March 17, 2017 / 11:36 AM / 3 years ago

Rescued Azeri bank IBA not seen ready for privatisation yet

BAKU, March 17 (Reuters) - State-owned International Bank of Azerbaijan (IBA) will need more government aid to clean up its balance sheet and is unlikely to be privatised as envisaged under a 2015 rescue plan for at least two years, an official and experts said.

After an order from Azeri President Ilham Aliyev, the finance ministry and central bank decided in 2015 to transfer bad and risky loans made by IBA, Azerbaijan’s largest bank, to Aqrarkredit, a state-owned non-banking credit organisation.

The International Monetary Fund wants the government to gradually sell off its stake following the reorganisation, but a senior Azeri official said there are no firm plans in place yet.

“It’s too early to talk about privatisation,” Rustam Tahirov, strategic services department head at Financial Market Supervision Agency, told Reuters.

“The initial plan right now is to finalise reorganisation by the end of this year.”

Several Azeri banks have lost their licences after bad loans soared and capital dwindled as a collapse in the price of oil, the Soviet republic’s main export, caused a sharp economic downturn and currency slump.

Some 10 billion manats ($5.8 billion) of bad loans have been shifted to Aqrarkredit so far and IBA chairman Khalid Ahadov said in February he expected the government to take on another $3 billion this quarter.

The government increased its stake in IBA to 76.73 percent after injecting additional capital in December via a share issue. IBA holds around a third of Azerbaijan’s banking assets.

Dmitri Vasiliev, director of financial institutions at credit rating agency Fitch, said the government “will need to inject additional capital for a while, until and unless IBA builds up a new loan book”.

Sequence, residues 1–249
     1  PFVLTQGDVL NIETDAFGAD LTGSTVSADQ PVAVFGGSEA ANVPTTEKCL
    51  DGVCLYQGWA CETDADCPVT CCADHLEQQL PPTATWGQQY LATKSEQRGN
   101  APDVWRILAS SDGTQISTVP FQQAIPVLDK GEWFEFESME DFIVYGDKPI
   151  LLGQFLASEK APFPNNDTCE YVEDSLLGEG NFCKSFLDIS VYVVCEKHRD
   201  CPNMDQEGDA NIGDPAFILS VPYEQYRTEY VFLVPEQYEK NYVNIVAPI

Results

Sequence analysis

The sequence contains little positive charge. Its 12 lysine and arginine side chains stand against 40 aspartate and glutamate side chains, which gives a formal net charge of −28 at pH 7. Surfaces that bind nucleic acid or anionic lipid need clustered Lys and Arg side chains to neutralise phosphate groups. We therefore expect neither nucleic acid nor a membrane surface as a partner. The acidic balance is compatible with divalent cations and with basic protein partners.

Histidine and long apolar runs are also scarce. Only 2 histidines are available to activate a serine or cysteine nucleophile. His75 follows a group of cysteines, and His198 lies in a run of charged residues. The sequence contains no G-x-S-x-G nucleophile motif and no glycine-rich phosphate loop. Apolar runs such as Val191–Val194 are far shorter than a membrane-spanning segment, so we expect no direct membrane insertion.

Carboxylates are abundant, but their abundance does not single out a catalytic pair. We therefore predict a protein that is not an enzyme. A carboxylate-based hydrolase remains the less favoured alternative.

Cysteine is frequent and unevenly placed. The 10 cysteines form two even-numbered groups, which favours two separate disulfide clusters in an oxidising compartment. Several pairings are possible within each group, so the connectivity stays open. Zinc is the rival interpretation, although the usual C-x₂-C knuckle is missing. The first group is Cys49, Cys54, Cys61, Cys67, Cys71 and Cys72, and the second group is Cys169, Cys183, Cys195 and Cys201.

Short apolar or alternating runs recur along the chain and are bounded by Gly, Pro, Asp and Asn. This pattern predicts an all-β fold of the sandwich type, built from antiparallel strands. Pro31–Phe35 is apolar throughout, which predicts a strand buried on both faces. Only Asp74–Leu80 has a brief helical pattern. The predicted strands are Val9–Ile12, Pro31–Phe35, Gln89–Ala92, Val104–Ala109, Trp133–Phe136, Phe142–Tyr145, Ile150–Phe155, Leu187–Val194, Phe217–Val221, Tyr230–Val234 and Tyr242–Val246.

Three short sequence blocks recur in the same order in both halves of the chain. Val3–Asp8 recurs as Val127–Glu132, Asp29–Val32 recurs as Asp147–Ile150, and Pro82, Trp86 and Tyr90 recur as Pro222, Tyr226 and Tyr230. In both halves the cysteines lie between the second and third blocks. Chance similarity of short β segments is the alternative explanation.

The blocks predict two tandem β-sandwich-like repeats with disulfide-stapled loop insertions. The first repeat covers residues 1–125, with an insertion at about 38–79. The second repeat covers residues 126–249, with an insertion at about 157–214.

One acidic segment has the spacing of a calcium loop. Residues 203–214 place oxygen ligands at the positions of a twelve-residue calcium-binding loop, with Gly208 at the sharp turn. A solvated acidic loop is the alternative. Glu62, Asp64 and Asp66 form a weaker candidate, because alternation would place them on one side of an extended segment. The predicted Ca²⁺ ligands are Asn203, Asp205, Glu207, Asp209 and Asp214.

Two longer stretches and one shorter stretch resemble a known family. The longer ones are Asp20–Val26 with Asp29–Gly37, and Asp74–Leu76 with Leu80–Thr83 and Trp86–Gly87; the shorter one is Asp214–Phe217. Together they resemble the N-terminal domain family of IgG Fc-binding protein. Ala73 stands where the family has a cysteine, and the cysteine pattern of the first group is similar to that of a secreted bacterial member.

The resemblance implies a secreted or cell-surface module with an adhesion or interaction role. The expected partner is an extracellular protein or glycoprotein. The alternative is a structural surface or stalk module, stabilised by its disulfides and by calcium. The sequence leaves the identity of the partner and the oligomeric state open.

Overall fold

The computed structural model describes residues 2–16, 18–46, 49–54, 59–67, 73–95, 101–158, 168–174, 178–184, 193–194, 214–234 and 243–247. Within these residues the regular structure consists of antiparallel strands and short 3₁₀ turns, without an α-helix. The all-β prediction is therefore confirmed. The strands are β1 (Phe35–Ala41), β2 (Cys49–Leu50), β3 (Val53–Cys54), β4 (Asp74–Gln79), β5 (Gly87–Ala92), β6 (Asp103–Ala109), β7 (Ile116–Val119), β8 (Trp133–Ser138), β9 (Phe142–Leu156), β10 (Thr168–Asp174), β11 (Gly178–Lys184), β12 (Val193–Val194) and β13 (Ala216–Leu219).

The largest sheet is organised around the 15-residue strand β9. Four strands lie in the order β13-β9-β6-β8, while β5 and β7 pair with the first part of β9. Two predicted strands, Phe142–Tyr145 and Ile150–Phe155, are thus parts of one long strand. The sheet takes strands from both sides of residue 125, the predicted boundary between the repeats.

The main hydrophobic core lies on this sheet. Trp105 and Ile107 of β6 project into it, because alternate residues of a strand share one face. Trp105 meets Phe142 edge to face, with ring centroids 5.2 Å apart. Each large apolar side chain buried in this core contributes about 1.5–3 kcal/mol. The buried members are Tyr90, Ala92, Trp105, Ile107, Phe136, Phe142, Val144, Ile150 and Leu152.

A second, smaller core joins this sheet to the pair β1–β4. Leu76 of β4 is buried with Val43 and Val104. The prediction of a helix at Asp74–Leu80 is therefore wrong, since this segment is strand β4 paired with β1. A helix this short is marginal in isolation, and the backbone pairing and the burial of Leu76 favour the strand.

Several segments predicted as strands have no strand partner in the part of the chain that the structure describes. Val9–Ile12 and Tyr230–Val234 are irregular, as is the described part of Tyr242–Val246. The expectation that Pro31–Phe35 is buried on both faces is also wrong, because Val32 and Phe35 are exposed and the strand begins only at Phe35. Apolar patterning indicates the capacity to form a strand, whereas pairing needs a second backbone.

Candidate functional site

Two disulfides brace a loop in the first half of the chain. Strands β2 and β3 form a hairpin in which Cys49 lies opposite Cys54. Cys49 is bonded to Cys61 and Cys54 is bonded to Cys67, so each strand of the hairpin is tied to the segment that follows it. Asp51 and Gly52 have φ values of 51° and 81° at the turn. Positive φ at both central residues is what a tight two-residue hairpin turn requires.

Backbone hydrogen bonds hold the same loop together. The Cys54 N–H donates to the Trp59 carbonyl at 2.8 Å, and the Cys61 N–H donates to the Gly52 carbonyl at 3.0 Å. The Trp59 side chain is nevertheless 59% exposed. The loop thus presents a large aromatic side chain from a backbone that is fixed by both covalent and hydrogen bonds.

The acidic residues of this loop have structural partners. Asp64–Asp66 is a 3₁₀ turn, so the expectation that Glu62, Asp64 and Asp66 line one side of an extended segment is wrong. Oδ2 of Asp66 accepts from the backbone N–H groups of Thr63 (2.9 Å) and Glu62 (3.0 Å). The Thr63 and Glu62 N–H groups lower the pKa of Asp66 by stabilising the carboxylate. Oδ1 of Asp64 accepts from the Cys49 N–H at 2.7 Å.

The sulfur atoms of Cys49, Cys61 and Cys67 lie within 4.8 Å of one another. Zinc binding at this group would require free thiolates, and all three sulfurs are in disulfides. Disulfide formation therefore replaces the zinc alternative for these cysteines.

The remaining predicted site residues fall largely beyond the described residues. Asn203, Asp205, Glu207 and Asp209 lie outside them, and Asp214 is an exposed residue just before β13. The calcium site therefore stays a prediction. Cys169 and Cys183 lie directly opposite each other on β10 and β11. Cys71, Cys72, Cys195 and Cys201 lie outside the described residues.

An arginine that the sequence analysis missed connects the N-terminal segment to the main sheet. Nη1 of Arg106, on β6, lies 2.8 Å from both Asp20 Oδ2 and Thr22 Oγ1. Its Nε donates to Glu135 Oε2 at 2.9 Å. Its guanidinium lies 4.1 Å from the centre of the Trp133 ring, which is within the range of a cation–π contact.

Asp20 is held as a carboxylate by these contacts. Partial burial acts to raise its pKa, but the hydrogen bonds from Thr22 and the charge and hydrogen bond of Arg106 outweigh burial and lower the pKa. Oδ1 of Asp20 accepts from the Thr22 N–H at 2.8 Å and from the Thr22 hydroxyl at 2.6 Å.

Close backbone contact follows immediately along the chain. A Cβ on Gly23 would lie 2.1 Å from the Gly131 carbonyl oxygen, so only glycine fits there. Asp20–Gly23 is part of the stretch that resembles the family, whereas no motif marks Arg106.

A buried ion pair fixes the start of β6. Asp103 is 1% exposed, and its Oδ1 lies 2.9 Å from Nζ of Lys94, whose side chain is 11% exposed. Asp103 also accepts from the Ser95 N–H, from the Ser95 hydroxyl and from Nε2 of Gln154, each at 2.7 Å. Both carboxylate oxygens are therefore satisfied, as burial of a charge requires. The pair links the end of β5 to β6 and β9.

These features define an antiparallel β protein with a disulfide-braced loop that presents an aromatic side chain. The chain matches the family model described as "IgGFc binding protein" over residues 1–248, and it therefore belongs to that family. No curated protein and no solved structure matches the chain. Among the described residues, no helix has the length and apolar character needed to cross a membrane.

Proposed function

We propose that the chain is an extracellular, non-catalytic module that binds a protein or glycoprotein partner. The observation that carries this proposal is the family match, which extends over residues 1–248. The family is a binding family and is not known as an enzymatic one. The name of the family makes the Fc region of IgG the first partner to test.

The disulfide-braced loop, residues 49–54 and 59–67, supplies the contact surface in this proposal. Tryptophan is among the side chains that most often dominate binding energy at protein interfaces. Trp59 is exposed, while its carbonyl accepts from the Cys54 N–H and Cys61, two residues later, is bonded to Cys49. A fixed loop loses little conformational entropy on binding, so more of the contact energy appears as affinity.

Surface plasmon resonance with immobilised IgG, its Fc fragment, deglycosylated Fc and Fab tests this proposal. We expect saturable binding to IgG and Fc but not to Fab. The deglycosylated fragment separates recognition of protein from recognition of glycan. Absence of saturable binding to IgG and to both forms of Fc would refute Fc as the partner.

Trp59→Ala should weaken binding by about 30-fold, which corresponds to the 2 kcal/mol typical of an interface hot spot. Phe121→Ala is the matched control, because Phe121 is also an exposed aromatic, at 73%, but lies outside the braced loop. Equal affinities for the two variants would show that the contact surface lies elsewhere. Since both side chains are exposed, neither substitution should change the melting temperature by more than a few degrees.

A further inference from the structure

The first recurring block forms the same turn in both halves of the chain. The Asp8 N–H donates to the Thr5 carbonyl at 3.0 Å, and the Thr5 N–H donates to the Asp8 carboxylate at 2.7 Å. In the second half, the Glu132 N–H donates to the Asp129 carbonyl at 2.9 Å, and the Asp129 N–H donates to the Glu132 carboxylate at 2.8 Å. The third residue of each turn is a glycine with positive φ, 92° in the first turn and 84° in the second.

“We view IBA as failed institution right now and it will take time to build a new loan book in an environment like this, because loan growth is not here.”

Vasiliev said the support package for IBA may also include reducing its foreign-currency liabilities by converting them into local currency or through hedging.

Fitch has estimated that some 1.1 billion of the bank’s 1.4 billion manat net loss in 2016 resulted from currency, translation losses.

The manat has lost 55 percent of its value against the dollar since 2014, when oil prices began to collapse. After first abandoning a currency peg for an exchange rate corridor, the central bank opted in January to let the currency float freely to save state reserves from depleting.

Nariman Mannapbekov, the Asian Development Bank’s country manager for Azerbaijan, said that “according to my information, there is no plan to privatise IBA this year” and that the chance IBA will be privatised within two years “is very small”.

“I’m sceptical that it might happen in 2018 as after a clean-up they need to pass an international audit, do a due diligence,” Narimanov added.

$1-1.72 manats Editing by Catherine Evans

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